Tuesday, September 17, 2013
[W]hen you actually look at the bill itself, it incorporates all sorts of Republican ideas. I mean, a lot of commentators have said . . . "this is sort of similar to the bill that Mitt Romney, the Republican governor and now presidential candidate, passed in Massachusetts." A lot of the ideas in terms of the exchange, just being able to pool and improve the purchasing power of individuals in the insurance market. That originated from the Heritage Foundation.
Heritage immediately cried foul, but its response wasn't terribly convincing. As the Obamacare rollout continues, the Administration is developing a record of rebuffing liberal groups and catering to employers. It's turned a deaf ear to union complaints. Costs in the exchanges may be controlled, but in return for restricted networks. Employers are announcing plans to dump employees onto those exchanges.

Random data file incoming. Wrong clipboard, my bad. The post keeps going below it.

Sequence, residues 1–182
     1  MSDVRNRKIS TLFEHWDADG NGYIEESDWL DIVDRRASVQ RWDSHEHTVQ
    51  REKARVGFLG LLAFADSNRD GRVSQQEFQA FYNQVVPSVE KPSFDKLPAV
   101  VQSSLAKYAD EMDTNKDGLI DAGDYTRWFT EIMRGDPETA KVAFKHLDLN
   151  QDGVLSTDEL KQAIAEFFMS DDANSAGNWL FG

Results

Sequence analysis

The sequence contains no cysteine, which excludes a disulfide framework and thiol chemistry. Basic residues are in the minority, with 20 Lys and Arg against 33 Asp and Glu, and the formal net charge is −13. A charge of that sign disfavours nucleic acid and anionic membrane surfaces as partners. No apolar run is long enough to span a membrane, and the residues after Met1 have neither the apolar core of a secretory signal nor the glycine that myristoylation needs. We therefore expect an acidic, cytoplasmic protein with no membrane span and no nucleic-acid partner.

The Obama/Heritage disagreement suggests far more about political style than it does policy substance. The President tries to prove how moderate he is; the right responds with a renewed emphasis on its purity and principle. But elites on both side of the ideological divide agree that health care costs must be cut. The Affordable (not necessarily Quality, or Accessible) Care Act does that, reflecting the balance of power in the Washington that generated it.